“He went in after her,” Renata called, before falling into a sort of guttural, horrific cough.   

Rose returned to standing, glancing to and fro. She stared down at Ernest, her eyebrows low, and demanded, “Have you ensured these people have water? They surely need it. All that smoke.”

This was very much in-line with what Ernest knew about his little sister. Even now, she shed her gloves and hat, tossing them to the ground as though they were worth nothing at all. Rose strode toward Lord Harrington and Renata, placing a firm hand across Renata’s back. “Are you feeling quite all right, my lady?” she asked. “It seems to me you should sit.” She turned around once more, staring at the staff members nearby. “Has anyone a clue where the well is? Why hasn’t water been fetched? A lady of the house is on the ground, requiring assistance—and no one is working! Please! Let us all pitch in.”

One of the staff members rushed toward the far edge of the estate, seemingly heading toward the well. Ernest gave Rose a soft smile, hoping to translate just how much he appreciated her. She was a girl—very near woman—cut from the same cloth as he. She was willing and eager to shed all propriety in favor of real human connection, regardless of the situation.

Beside her, Grace drew her arms across her chest and scowled at Ernest. His eyes immediately moved away from her, knowing that lingering too long on her would fill him with a unique bit of rage. After tearing through a burning building and rescuing this woman, he wasn’t entirely sure what kind of damage he was willing to do to his and Grace’s relationship. An entirely separate fire had started in his belly.

“Please, sit down,” Rose said again, both to Renata and Lord Harrington. “See, they’re coming with the water now.”

Before them, the very center of the mansion crumbled to the ground, making one of the halves of the house quake and tilt toward the ground. The noise felt monumental, like a chord played too loud on the pianoforte. All the staff members and family members gaped at it, lost in the chaos. Everything they’d ever known was now destroyed, gone. It was up to Ernest to decide how they all move forward. He knew it.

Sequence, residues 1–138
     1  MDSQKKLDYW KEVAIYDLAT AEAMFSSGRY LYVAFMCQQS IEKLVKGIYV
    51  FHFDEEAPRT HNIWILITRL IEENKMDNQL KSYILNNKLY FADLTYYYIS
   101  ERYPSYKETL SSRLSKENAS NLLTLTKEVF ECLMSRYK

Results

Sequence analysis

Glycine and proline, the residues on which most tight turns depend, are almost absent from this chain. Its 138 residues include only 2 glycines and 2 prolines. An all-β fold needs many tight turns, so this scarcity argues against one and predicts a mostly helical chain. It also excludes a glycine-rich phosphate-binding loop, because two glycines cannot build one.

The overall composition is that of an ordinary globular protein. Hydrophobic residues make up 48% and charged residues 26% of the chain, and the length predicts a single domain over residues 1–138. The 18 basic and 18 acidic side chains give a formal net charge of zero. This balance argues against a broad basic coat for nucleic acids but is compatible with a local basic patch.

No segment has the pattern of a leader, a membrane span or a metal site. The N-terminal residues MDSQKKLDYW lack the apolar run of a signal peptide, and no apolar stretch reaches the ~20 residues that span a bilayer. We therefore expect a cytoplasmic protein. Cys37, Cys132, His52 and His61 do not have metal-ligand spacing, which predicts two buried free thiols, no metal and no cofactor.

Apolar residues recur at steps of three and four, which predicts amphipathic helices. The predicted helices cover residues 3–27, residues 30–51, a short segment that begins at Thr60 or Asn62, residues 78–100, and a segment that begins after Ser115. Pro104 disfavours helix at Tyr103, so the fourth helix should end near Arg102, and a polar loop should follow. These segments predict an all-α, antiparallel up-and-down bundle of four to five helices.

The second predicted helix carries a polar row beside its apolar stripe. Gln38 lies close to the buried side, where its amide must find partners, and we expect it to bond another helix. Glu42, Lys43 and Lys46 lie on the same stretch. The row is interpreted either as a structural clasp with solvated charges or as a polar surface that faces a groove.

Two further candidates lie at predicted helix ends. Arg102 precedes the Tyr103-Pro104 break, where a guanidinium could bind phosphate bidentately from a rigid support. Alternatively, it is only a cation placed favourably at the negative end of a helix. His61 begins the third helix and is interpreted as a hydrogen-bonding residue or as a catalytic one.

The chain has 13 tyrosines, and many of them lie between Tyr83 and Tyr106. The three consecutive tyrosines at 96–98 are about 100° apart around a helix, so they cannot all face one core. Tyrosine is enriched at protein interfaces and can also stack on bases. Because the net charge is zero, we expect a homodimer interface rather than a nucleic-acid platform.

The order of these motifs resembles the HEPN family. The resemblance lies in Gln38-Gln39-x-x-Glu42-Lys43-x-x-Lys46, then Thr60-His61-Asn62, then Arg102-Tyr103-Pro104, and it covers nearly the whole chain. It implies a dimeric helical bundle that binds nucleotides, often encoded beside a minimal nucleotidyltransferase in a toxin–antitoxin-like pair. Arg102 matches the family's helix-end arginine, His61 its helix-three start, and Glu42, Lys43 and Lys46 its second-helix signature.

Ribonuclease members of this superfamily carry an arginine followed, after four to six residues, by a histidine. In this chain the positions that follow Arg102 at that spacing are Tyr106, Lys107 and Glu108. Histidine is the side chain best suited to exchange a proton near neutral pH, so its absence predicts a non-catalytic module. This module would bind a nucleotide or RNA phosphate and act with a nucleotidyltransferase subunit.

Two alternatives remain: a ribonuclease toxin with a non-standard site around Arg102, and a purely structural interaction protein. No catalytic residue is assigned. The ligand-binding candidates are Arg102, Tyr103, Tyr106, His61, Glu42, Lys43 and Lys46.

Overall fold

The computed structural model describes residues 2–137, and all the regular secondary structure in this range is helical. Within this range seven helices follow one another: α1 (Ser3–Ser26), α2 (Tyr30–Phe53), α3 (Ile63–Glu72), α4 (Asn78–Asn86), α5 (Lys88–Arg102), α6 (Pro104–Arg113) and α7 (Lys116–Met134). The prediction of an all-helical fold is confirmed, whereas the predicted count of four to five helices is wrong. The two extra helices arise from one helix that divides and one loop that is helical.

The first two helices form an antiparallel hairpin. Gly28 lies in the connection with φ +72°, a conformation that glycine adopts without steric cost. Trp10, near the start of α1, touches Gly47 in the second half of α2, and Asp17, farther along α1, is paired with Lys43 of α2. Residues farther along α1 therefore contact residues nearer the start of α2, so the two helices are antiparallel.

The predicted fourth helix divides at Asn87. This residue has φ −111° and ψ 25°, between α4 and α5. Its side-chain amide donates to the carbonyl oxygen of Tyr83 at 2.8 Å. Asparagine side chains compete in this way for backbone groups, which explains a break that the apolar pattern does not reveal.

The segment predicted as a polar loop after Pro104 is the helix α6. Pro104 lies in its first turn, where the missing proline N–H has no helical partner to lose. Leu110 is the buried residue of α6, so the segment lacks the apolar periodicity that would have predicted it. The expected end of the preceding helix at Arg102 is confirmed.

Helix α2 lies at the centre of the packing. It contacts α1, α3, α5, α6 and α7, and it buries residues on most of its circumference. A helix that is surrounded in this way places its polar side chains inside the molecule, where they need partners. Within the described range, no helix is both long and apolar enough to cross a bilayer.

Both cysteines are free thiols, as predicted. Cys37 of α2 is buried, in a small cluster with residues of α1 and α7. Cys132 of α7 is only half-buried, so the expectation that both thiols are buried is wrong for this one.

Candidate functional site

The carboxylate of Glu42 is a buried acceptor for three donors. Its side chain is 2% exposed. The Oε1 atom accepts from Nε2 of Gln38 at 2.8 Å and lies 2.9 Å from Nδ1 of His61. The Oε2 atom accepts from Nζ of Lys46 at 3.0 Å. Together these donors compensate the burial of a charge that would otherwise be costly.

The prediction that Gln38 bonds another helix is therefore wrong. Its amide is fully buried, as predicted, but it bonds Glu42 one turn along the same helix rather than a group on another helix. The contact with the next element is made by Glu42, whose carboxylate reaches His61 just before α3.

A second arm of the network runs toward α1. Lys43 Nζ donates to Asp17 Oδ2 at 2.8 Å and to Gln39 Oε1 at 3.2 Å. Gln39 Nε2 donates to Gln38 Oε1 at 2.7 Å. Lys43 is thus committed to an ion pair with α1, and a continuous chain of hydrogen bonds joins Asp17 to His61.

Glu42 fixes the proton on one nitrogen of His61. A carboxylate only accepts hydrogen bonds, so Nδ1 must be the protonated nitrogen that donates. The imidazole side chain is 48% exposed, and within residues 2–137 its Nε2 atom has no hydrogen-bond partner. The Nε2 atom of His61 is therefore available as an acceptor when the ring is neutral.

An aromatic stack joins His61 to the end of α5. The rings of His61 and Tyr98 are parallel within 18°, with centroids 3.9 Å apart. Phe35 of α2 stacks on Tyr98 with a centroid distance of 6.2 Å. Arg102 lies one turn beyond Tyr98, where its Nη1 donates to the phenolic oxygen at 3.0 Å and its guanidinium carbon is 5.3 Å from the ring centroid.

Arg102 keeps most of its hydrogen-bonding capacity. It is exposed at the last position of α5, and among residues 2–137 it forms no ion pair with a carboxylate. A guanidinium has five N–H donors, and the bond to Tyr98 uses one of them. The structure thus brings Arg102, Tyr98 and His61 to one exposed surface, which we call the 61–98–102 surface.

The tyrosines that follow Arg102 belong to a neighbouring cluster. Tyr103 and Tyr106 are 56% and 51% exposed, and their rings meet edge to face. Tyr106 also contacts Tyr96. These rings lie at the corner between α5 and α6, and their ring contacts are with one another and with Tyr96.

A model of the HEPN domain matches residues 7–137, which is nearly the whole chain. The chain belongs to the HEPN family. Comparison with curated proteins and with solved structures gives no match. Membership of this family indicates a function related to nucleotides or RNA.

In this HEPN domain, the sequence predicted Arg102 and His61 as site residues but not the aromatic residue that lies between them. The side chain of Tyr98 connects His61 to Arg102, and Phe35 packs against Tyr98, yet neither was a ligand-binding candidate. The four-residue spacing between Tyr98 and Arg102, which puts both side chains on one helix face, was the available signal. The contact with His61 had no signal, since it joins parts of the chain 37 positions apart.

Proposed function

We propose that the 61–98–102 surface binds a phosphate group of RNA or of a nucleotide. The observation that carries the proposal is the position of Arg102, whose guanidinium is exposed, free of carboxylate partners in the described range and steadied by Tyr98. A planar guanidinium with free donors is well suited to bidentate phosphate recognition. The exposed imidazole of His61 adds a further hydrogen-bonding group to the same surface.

“A Seductive Lady Rescued From Flames” is an Amazon Best-Selling novel, check it out here!

Lord Ernest Bannerman is soon to become the new Earl. On his father’s deathbed, he will find out that his dying wish is to marry the gossiping Lady Grace Bragg, extend the family line, and honour his name. Ernest wants nothing more than to uphold his father’s legacy, therefore he accepts this fate, until one night he finds his significant other into the flames. He will fight his every instinct to love her, trying to stay true to his promise. Will he eventually break his vow and escape from this love triangle, or he will be forced to spend a miserable life, for the sake of honour— for the sake of the dead?

Lady Diana Harrington is a woman of immense bravery, strong character, and stunning beauty. When she beholds the man who rescued her from the burning fire, she is fascinated, but soon the excitement fades when she finds out that he is to be married. Their attraction is strong like a magnet and the heroine cannot hide her desire for Ernest anymore. Will she find the strength to repress her feelings or will she surrender to their passionate love?

A story filled with passion, intrigue, dilemmas and tension that the readers will be unable to put down. Will the heroes follow the social rules and expectations? Will they choose to listen to their heart, or their head and moral commitments?

“A Seductive Lady Rescued From Flames” is a historical romance novel of approximately 80,000 words. No cheating, no cliffhangers, and a guaranteed happily ever after.

Get your copy from Amazon!

11 thoughts on “A Seductive Lady Rescued From Flames (Preview)”

  1. I have just read the preview of this wonderful new novel you have sent me. I know the story of Diana and Ernest as well as Rose will be very exciting and interesting read. Thank you so much for allowing me the opportunity to read a snippet of it till the full novel is released. Fabulous story; can’t wait to read the rest.

  2. Well, there is sure to be more smoke with Grace around. She could make a lady say non ladylike things. This should be an really good read.

  3. This should be a very good read I don’t think Grace is the person for Earnest and the family and I hope he chose love over duty

  4. WELL, you’ve done it again. I can’t wait to read the rest of this book. I’m in Love with the hero and his sister already.